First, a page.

11.09.2014
Apple are at the core of... our health
Apples are the new superfood - and there's nothing like the right time - now!

Apples are at the core, if you’ll forgive the pun, of our lives in England.  They are always around, in many guises, in every shop, canteen and café.  They were in our school lunchboxes, and we put them, in turn, in our children’s.  Even though tastes may be changing from traditional favourites like Cox’s to modern Braeburn or Gala,  we Brits still love them, munching away at 70,000 home-grown tonnes a year (and that’s not counting the imports!).

Last February our family moved to a house with a small orchard and right now the branches are hanging low with heavy fruit, many of them apples, as yet unidentified. They are looking wonderful: some plump red and juicy, heart-shaped, others a  gentler, rounder russet;  some are clearly eaters and others cookers.  I have plans, oh yes. But do I have the hours?

We must, of course, try to identify them – and the varieties of deliciously plumping plums and ripening pears – altogether quite a task.  We need to know so that we can use the right sort for the right thing, maybe juice, maybe whole, maybe cooked or frozen, maybe dried, or converted into jams and chutneys.  Frome, being Frome, has an annual Apple Day – this year’s venue is yet to be decided but will no doubt be a useful port of call.  Last year it was at Oakfield Academy, which  is part of the national Fruit-full Schools project on bio-diversity and grows a selection of traditional trees and hosts the annual apple day to help spread the love.

Meanwhile, as we flick through pages of self-sufficiency books, go searching online for knowledge and contemplate the purchase of a press and storage racks, it becomes ever clearer  that the apple is – yes! – a superfood.

Apples are packed to bursting with all sorts of wonderful medicinal properties:  that old adage ‘an apple a day keeps the doctor away’ has truth. Proven truth.  Not just the experience of generations - which seems rarely to satisfy the pendants - but proper scientific proof.  Scientists have found, among the apple-y benefits:  improvement of neurological health (University of Quebec); help in preventing dementia (Cornell University); prevention of stroke (Finnish public health study of 9,208 people); lowered levels of bad cholesterol by 23% over 6 months (The Florida State University);  reduction of the risk of diabetes (cohort study of 187,382 people in the US, UK and Singapore) and breast cancer (Cornell University);  apples are just as good as statins in preventing vascular attack in the over-50s (University of Oxford). Shall I go on, or are you convinced!?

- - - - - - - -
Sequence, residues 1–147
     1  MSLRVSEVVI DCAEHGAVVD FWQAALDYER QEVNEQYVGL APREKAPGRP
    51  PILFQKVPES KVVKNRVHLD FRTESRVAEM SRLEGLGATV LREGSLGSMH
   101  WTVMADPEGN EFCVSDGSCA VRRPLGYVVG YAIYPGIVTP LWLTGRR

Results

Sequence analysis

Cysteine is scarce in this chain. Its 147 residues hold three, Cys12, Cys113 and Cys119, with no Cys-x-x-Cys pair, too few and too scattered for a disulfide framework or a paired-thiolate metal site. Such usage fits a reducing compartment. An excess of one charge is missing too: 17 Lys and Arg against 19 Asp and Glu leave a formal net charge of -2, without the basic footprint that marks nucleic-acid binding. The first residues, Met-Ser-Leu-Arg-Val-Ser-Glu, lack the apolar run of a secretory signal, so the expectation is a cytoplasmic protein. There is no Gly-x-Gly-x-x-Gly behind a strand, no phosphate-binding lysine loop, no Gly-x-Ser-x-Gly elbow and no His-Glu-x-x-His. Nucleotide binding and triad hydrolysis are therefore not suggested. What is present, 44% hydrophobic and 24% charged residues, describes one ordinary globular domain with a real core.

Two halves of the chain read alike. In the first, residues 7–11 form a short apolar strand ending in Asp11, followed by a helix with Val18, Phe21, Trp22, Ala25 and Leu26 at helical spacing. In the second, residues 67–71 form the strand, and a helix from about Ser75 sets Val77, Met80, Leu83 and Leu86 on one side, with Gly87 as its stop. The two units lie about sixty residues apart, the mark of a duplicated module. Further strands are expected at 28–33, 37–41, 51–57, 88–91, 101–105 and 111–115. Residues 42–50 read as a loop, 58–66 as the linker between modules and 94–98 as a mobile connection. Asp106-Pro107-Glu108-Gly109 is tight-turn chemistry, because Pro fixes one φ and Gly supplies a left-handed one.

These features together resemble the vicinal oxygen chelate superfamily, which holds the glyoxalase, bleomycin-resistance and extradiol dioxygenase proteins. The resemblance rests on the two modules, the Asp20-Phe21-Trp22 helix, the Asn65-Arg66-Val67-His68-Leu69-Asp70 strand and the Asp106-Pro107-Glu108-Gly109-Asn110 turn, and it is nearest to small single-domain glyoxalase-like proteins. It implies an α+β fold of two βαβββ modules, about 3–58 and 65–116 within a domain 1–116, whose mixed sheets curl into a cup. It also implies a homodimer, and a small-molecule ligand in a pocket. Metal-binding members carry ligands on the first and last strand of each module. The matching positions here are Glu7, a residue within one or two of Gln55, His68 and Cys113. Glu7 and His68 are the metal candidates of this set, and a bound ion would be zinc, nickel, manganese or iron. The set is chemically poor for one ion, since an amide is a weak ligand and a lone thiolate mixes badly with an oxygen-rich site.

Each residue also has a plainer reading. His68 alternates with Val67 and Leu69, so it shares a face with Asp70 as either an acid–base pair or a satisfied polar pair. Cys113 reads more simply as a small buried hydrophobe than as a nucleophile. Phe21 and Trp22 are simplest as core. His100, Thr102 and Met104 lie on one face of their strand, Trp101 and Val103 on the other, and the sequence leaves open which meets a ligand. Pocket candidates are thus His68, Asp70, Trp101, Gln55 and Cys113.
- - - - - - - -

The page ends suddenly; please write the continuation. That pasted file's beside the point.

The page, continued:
So what’s in these amazing health bubbles, a fruit so beguiling that it led Eve to persuade Adam to leave Eden?  The goodie list starts with Vitamin C, which boosts the immune system and is the powerful antioxidant that fights free radical damage alongside phytonutrients;. Vitamin B-complex which maintains healthy red blood cells and the nervous system. Then there is dietary fibre for a healthy digestive system; and trace elements potassium, phosphorus and useful bone-forming calcium. And only 52 calories! Munch on.

All this goodness can do great things for your skin too. Of course good skin is a product of healthy eating and exercise but there are many things you can do to improve it from the outside too. At this time of year, your skin has probably had a bit of a bashing from all the heat and holiday fun, so find a few minutes to replenish and give it a proper chance of healthy survival through the tougher months to come.

A deep clean and exfoliation is an excellent start.  Grab an apple. Grate half of one (peel on) and mix with a spoon of honey and some ground oats. Make a paste to spread on your face and neck, leave it for 5-10 minutes while you sit and listen to a favourite track. You could do a whole body exfoliation with the same mix (although greater quantities of course) but you might want to add a couple of large spoons of sugar and a little oil – sunflower or olive is perfect.  That way you can get to grips with the inevitable rough patches on bum and thighs.  Don’t forget your upper arms.

If your skin suffers frequent dry patches, you might want a richer, more hydrating mask: again, half an apple, grated finely;  now add an egg yolk, a tablespoon of warm milk and a tablespoon of ground oats if you like. Mix and apply as above.

If your skin is oily, then try half a grated apple, a teaspoon of apple cider vinegar, a teaspoon of honey and a teaspoon of cornflour. Again mix and apply as above.

When you’ve washed if off, dried and felt the wonder of your new skin, use a good face and/or body oil (Great Elm’s are superb, of course:  www.great-elm.com) to give your epidermis a deep-down feed of fabulous nutrients. Geranium and mandarin oils are known for their revitalizing, nourishing and healing properties, and can improve the skins elasticity and ease dryness. If you have oily skin, it may seem counterintuitive to use oils but there are plenty – like rice bran and borage oils, along with camellia and juniper - which can works wonders in rebalancing those over-active sebaceous cells.

You can of course devise far more complex masks, scrubs, spritzes, creams and oils but I’m always looking for fresh, easy , time-minimal but highly effective methods.  Simplicity works best, for me anyway:  could anything be simpler than an apple?  You could say it’s the apple of my eye, the core of my being – if you liked bad puns as much as I do.

   

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